The violence hasn’t kept Volkswagen AG, Europe’s largest carmaker, and Purchase, New York-based PepsiCo Inc., the world’s largest snack-food maker, from investing in Mexico.

Volkswagen plans to start construction this year on a plant in Silao, Mexico, that will have a capacity to produce 330,000 engines annually. The project will create about 700 jobs in the city “over the medium term,” the Wolfsburg, Germany-based company said in a Sept. 22 statement.

“The Nafta agreement helped Mexico and provided support,” Pimco’s Osses said. “The influence that the drug violence has on business isn’t that significant at this point. Volkswagen decided that it’s not going to prevent them from investing in Mexico.”

Pepsi’s local unit took out a full page ad in the Monterrey-based El Norte newspaper on Sept. 30, pledging $20 million for a food research center in the region and promising to maintain its presence in the country’s north.

“We’re proud of our roots with 81 years in Monterrey,” the ad said. “We’re here today, and we’ll be here tomorrow.”

To contact the reporters on this story: Tal Barak Harif in New York at tbarak(at); Jonathan J. Levin in Mexico City at jlevin20(at)

To contact the editor responsible for this story: David Papadopoulos at Papadopoulos(at)


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Jalisco Governor: Gay Marriage 'Grosses Me Out'
Associated Press
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October 09, 2010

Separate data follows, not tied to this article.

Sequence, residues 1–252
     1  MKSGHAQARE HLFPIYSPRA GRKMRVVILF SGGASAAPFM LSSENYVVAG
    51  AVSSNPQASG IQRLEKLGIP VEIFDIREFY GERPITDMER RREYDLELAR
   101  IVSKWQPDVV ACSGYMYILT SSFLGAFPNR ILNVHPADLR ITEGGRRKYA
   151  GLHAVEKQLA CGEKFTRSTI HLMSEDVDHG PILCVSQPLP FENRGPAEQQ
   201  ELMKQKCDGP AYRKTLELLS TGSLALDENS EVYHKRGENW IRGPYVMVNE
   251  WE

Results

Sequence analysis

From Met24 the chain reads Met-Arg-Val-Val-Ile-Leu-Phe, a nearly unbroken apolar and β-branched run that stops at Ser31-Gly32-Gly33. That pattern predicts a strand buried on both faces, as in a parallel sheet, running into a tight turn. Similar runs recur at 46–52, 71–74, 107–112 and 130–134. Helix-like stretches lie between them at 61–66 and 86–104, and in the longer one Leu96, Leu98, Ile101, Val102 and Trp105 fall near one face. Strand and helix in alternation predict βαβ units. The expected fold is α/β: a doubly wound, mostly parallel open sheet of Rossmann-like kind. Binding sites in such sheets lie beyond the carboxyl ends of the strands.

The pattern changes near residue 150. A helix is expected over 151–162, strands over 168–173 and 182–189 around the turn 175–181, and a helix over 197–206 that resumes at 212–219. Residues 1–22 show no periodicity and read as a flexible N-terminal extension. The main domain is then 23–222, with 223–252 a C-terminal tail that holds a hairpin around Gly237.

Emilio González Márquez, Governor of Jalisco
Guadalajara, Mexico — The governor of Mexico's Jalisco state says gay marriages disgust him.

Gov. Emilio Gonzalez says marriage should be between a man and a woman. He adds, in his words, "that other thing, as they say, still grosses me out."

Gonzalez spoke Friday at a forum on family in Guadalajara city.

Guadalajara has been a focal point of Mexico's debate over gay marriage, which sharpened after Mexico City enacted a law in December allowing same-sex couples to wed and adopt children.

Cardinal Juan Sandoval, the archbishop of Guadalajara, stirred controversy by suggesting Mexico City's government bribed the Supreme Court to uphold the law in August.

Mexico City Mayor Marcelo Ebrard filed a defamation suit against Sandoval.


Father Hildago Governor's Palace Guadalajara

Father Hildago Governor's Palace Guadalajara  Bill Bell Phtograph

Sex to Die For: Romance Insect Stylelovebug1.jpg

                     © Tara A. Spears

There is a North American species of March flies in the insect family Bibionidae that is known as Lovebugs because of the large swarms that fly about ‘in flagrante delicto,’ oblivious to their surroundings. In the tropics, they herald the change of seasons as they mature only twice a year.  Lovebugs survive because they mainly exist to reproduce. After they grow from larvae they spend the rest of their brief lives attached to the opposite sex. Soon after mating, the male dies and is dragged around by the female, which is perhaps the Lovebugs’ one similarity to humans. The proliferation of the species occurs because the adult bugs have no natural enemies (automobiles are considered manufactured enemies). When the bugs are gone that just means all the adults of that generation have died, and it will be a matter of months until the larvae that were left will mature into adults. Still, what a great way to live: have sex until you die.